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TFW on winter break for the month of December

December 2, 2014
By
Autumn-with-winter

Dearest Readers, Thank you for your continued support. We absolutely love that you love us and that you value and support our work. However, we are tired and in need of some R&R. TFW is an invisible labor of feminist love. We do this work because we love it and because we deeply care...
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Posted in Activism, Black life matters, Bodies, Family, Health, Toni Cade Bambara | 3 Comments »

Feminists We Love: Linda Janet Holmes [VIDEO]

November 28, 2014
By
Linda Janet Holmes

Linda Janet Holmes is Toni Cade Bambara's first biographer and she is an incredible storyteller. During our interview, Linda shared so much about Toni's incredible life. Her reflections, stories and remembrances unearth some of the depth of Toni's foresight, radicalism, and profundity about a wide range of topics. Linda also shared her own...
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Posted in Academia, Activism, Black Girls, Black life matters, Black Women, Culture, Education, Family, Feminism, Feminists We Love, Film, Health, Love, media, Patriarchy, Popular Culture, Racism, Reproduction, Sexism, Sexuality, Toni Cade Bambara, White Supremacy, Women of Color, Writing | 6 Comments »

Toni Cade Bambara: A Woman of and for the People

November 26, 2014
By
Michael Simmons
Budapest, Hungary, 2014
photograph: ©Mindenki Joga

Michael Simmons: What struck me about Toni during this time was that she was continually engaged in forming organizations that allowed African American artists to develop and share their talent with the community. In doing this, Toni explicitly and implicitly redefined what it meant to be an artist.
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Posted in Activism, Black Girls, Black Women, Education, Family, Feminism, media, Racism, Sexism, Sexuality, Toni Cade Bambara, Writing, Youth | No Comments »

The Telling of Stories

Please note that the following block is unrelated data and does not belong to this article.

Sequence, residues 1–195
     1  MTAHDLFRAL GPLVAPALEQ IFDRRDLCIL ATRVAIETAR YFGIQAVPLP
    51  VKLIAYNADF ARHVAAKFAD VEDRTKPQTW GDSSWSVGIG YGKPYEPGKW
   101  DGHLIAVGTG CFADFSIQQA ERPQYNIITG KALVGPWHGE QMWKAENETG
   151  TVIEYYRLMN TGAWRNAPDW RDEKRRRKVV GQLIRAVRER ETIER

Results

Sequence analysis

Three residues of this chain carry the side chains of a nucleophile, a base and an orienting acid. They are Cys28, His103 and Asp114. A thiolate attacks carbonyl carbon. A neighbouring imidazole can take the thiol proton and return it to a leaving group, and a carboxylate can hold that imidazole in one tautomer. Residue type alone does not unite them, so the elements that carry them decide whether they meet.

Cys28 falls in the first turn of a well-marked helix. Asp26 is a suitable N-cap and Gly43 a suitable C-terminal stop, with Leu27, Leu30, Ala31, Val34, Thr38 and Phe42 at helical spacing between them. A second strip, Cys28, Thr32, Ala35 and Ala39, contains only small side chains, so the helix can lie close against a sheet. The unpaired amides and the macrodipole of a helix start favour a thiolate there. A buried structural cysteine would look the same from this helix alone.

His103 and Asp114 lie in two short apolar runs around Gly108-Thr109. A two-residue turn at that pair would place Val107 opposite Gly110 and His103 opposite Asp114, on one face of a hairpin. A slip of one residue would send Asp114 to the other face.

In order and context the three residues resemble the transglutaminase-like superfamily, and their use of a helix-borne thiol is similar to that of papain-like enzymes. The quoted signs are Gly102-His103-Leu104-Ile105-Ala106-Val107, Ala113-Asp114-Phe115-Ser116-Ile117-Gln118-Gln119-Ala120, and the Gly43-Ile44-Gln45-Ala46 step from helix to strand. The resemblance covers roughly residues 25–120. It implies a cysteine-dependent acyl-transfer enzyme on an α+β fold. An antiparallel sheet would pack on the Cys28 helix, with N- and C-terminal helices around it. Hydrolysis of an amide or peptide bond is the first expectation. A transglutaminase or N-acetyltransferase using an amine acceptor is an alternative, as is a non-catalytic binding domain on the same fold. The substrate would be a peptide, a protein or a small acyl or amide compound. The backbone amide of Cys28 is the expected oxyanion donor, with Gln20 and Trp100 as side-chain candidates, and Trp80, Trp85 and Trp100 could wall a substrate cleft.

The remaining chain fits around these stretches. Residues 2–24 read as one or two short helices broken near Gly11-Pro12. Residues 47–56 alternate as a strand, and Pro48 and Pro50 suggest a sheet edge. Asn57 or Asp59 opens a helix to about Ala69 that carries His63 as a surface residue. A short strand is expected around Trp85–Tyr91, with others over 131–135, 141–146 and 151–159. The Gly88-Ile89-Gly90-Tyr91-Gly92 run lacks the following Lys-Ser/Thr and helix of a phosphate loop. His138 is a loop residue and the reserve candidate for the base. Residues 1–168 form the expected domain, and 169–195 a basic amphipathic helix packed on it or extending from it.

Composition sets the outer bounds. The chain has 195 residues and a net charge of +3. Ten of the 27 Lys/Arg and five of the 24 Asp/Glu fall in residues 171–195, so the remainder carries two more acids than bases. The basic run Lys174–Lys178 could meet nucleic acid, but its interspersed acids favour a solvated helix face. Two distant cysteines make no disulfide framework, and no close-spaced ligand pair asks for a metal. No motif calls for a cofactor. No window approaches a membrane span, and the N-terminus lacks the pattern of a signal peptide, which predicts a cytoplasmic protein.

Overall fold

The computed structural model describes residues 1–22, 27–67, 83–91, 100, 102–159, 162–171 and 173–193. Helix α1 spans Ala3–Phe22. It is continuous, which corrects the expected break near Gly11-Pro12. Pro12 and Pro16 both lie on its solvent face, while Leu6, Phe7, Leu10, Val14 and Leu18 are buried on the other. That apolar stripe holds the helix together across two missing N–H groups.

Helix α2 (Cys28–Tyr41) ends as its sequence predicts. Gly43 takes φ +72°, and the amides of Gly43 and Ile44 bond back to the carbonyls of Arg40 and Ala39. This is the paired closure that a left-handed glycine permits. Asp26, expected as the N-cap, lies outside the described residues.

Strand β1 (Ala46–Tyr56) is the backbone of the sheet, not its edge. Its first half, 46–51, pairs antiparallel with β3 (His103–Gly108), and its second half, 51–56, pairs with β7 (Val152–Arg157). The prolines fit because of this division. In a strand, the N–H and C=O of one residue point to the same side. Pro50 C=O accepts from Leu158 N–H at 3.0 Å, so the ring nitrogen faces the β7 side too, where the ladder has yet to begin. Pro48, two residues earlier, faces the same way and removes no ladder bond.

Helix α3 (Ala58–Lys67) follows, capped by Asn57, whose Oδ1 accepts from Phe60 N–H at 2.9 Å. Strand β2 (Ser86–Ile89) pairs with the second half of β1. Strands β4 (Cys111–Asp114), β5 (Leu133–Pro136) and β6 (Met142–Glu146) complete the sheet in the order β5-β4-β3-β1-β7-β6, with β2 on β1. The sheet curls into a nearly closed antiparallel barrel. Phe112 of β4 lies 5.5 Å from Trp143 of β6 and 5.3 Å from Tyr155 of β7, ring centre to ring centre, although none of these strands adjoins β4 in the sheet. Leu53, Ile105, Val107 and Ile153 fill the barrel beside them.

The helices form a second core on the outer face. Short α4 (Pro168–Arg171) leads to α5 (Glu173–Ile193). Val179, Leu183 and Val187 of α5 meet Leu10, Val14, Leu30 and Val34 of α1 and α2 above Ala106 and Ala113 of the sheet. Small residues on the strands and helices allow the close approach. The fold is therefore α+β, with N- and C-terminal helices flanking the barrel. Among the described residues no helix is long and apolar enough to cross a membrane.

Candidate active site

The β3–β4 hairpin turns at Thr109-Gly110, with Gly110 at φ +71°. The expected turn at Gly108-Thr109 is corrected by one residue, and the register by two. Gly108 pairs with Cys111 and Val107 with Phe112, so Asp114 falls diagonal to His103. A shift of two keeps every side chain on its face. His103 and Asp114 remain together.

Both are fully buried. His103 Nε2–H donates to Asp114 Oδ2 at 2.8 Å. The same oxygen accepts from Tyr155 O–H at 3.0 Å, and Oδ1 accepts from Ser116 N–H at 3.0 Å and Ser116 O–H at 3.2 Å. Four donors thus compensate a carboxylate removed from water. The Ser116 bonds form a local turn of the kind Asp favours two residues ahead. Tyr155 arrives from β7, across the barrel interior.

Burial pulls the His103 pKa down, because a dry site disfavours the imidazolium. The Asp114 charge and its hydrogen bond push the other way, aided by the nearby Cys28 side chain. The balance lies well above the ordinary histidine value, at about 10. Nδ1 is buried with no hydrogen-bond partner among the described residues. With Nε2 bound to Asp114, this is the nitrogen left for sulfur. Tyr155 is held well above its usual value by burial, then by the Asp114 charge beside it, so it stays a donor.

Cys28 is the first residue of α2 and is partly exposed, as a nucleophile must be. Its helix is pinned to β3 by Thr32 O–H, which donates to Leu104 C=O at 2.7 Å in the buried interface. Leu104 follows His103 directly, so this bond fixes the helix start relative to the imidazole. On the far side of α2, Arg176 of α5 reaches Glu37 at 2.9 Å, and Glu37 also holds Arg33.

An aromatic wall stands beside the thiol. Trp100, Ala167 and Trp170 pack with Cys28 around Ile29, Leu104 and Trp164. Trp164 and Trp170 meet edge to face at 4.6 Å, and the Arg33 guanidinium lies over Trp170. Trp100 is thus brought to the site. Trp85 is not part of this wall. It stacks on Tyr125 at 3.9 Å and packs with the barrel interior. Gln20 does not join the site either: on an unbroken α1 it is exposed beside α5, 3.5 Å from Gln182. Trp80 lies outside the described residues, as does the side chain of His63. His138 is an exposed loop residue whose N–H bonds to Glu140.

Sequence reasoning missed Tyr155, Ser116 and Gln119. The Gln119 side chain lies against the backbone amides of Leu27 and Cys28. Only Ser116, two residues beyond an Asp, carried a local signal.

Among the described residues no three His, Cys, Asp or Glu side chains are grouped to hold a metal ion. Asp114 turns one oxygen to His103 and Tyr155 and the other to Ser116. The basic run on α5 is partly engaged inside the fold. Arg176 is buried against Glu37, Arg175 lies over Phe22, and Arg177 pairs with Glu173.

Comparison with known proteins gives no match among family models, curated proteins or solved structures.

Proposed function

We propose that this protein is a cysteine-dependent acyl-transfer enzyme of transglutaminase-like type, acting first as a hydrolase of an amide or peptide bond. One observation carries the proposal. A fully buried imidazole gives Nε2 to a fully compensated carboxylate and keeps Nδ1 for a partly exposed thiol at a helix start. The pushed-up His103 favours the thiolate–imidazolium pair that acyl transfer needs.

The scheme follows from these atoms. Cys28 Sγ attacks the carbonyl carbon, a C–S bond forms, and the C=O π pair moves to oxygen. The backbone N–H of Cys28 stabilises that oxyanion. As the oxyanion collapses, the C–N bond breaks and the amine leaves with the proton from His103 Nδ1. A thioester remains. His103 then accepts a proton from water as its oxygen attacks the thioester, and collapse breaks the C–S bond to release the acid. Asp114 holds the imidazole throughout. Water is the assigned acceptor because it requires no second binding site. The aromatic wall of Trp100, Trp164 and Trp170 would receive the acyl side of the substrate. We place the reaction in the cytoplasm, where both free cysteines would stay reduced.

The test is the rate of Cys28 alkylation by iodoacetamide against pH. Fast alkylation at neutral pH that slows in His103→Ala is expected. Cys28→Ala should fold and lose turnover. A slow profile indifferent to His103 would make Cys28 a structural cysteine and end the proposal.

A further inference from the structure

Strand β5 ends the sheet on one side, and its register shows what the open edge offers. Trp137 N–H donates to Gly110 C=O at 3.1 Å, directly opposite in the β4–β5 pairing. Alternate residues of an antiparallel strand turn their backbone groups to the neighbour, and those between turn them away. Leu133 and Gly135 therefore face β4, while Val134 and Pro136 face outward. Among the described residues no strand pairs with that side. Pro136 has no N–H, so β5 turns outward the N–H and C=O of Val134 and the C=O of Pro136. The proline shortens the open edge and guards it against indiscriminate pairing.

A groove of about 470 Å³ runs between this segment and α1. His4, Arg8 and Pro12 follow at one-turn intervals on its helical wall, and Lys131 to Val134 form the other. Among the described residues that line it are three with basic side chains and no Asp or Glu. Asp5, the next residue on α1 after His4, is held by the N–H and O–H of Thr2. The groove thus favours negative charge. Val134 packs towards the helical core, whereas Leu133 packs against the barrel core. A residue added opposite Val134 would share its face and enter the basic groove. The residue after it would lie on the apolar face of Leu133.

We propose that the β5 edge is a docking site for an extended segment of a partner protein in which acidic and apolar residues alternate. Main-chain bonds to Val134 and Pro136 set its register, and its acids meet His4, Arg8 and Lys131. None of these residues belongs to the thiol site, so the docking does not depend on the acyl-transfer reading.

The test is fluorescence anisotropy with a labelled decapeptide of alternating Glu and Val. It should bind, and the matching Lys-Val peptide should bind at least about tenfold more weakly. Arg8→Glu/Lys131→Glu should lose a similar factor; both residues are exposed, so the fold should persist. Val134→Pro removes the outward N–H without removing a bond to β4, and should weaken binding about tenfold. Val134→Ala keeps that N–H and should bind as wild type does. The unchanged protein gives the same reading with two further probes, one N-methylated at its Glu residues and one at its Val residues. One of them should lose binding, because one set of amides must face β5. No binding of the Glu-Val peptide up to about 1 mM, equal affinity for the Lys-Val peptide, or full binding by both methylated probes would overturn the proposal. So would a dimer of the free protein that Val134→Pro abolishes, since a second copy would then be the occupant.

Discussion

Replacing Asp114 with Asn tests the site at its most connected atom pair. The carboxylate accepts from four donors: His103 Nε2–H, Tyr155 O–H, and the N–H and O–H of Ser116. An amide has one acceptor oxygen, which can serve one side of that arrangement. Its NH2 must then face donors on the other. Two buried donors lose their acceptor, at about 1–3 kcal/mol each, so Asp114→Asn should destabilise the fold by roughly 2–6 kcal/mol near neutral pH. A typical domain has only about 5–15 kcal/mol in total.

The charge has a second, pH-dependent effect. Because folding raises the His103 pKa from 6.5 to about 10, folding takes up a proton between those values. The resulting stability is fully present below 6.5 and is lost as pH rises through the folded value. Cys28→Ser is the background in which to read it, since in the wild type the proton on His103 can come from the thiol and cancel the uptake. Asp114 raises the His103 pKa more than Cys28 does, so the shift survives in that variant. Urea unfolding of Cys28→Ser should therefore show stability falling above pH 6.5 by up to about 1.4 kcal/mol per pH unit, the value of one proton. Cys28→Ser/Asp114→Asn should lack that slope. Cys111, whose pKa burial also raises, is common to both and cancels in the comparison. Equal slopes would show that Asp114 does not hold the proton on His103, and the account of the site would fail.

November 25, 2014
By
Bia Vieira

Bia Vieira: When Toni comes into my life, when she invites me to understand my story as a way to find strength and value within myself, I am surprised by her attention. I am also very flattered. Her interest makes me wonder what she is seeing. I saw my secrets and shame, but was...
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Posted in Family, Immigration, intersectionality, LGBTQI, Militarization, Military, Sexuality, Toni Cade Bambara, Women of Color, World | No Comments »

Stroller (A Screenplay)

November 24, 2014
By
Black families and community

Roxana Walker-Canton: Natalie sits in her own seat in front of her mother and looks out the window. Mostly WHITE PEOPLE get on and off the bus now. The bus rides through a neighborhood of single family homes. A BLACK WOMAN with TWO WHITE CHILDREN get on the bus. Natalie stares at the children.
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Posted in Arts & Culture, Black Women, Family, Racism, Toni Cade Bambara, Writing | 2 Comments »

In ‘My Solitude’ with Toni Cade Bambara

November 21, 2014
By
Pamela A. Hooks

Pamela Hooks: She opened my world, opened my eyes. I saw the political and poetry in everything now. Together, Toni and Njeri would break down everything with a fine tooth comb—from the politics of government cheese to the best places to find vegetarian food or chicken wings and then stuck the bush comb...
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Posted in Black Women, Family, Toni Cade Bambara | 1 Comment »

Mother of the Movement: Remembering Bambara and the “African Bones in the Briny Deep”

November 17, 2014